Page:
Last year, I sat in on a team’s very first retrospective. After two weeks of wrestling with agile, this team was pleased with some aspects of what they were doing, but not with everything by any means.
These people were pretty frustrated. I had them pick the top five issues and figure out what they were going to do with them. (On one of them I intervened to suggest a solution, but the others they addressed themselves.)
At the end of the session, I stood up and told them they were doing great, and I was really proud of them.
You can imagine the looks I got. But I meant it. Sure, they had a long list of things they didn’t like. But there were two amazing things about that list.
First, the problems they had were the right ones. I’ll say more about this on another day. For now, let’s say what I mean is that the problems were focused entirely around real difficulties, not theoretical or personal.
And the second thing?
The solutions came from inside the group mind. This is the beginning of releasing a team.
Releasing Means Freeing A Team To Move
In the beginning of the relationship with the team, there are three types of restrictions on their ability to think for themselves.
Negotiated restrictions are the ones that the team takes on voluntarily at the start of transitioning. For instance, I can usually get a team to commit to a minimum of one 90-minute pairing session a day. Similarly, we say, you can’t work microtest-lessly unless the lead and coach are first given a chance to get you started. Negotiated restrictions are easy to change, because it’s just you and the team.
External restrictions come from outside the team. A typical one is a company-wide coding standard, constructed some time during the Korean War. Often as not, external restrictions are only kinda sorta followed. The Shakespearean expression ‘honored in the breach’ says it pretty well. Believe it or not, restrictions that are ignored are more dangerous than ones that are blindly followed.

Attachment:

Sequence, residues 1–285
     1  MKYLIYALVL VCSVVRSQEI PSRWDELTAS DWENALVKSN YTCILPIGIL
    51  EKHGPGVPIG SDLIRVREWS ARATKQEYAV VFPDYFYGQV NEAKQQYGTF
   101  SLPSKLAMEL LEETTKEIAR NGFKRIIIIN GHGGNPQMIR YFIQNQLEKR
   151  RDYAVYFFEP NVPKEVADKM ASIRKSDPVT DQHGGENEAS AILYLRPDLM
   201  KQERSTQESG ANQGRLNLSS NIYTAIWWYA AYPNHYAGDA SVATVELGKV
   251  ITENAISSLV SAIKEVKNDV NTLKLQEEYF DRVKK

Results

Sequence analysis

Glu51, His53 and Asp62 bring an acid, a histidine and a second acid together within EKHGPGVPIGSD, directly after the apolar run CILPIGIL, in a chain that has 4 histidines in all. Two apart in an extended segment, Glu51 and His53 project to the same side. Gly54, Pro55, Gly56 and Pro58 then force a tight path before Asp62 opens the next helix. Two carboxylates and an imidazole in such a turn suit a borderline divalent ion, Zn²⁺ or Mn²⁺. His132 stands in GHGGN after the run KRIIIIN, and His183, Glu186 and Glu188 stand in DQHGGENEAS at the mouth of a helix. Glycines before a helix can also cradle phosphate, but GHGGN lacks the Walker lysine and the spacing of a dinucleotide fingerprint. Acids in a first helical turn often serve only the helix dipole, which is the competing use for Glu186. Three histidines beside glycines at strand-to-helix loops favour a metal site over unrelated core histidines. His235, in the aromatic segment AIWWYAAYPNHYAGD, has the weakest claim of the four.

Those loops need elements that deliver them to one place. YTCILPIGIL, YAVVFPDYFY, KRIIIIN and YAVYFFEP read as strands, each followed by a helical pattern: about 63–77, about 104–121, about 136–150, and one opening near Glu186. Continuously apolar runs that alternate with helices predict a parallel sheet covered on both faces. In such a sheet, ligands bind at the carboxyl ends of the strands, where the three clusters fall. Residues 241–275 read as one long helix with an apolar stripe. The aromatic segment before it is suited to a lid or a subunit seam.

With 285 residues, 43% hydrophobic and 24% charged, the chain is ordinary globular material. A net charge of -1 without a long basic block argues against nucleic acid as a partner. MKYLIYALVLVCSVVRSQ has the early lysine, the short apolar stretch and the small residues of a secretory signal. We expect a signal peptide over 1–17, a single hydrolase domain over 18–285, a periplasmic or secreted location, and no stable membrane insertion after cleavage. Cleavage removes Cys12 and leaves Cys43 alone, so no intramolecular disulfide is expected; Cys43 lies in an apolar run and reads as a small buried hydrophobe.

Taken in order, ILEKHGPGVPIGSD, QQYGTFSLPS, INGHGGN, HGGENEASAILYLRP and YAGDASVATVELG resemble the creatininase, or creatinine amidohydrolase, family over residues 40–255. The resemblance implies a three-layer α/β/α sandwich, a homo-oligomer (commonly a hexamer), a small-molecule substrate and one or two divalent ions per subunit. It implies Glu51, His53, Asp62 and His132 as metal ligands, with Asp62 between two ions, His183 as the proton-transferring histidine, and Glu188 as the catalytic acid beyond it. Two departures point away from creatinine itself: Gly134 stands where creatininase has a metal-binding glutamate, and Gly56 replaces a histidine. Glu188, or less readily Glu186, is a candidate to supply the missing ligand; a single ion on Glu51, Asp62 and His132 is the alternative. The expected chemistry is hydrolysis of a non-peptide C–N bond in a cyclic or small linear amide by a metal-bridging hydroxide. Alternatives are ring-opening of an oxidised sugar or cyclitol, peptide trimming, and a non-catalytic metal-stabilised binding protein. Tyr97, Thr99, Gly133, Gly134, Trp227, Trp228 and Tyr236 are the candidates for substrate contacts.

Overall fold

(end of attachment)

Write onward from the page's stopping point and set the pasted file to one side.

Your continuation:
Internal restrictions are the hardest ones to deal with. The typical internal restriction is just plain nerve. A team that has lost its confidence in itself over time needs a lot of successful group-inspired changes to rebuild its freedom. As a coach, you want to attack these internal restrictions without mercy. Catch them doing something right is essential.
Acts of Releasing
I start releasing a team on day one, just by getting them to make negotiated restrictions with me. It sounds paradoxical: how can any restriction also be a release? The answer is that agreements the team makes itself, without undue pressure from above, are themselves a way of releasing.
Here are some other acts of releasing to try:
- any time you lead the team in taking an unreal deal and reframing it as ‘for real’;
- forging a new in-team coding standard serves several purposes, and releasing is one of them;
- places where you or the manager agree to protect the team from outside forces release them;
- teaching them to stop promising things they’re not sure they can do;
- exposing them to healthy in-team debate about what to do or not;
- …and so on.
Why Release Teams At All?
You know, this is a real question. What’s so great about having a team that bucks the company traditions, makes its own decisions, and is generally humorously cantankerous?
Easy: a released team is a team that can more readily connect geek joy with business value.
A released group mind is smarter than any individual one, even yours. It is creative, it blends ideas, it seeks to find every glitch in routine and eliminate it. Free-moving groups are why kanban systems came to exist.
A few weeks ago I said that coaching is helping geeks produce. Nothing, and I mean nothing, will help a team like growing into its confidence and capability.
This is what it’s all about.
Coaching Means Helping Geeks Produce
Releasing Means Helping Geeks Produce
Coaching Is Releasing
Next up: I’m Not Sure.
The pillars are nice, but I’ve all these other ideas boiling along.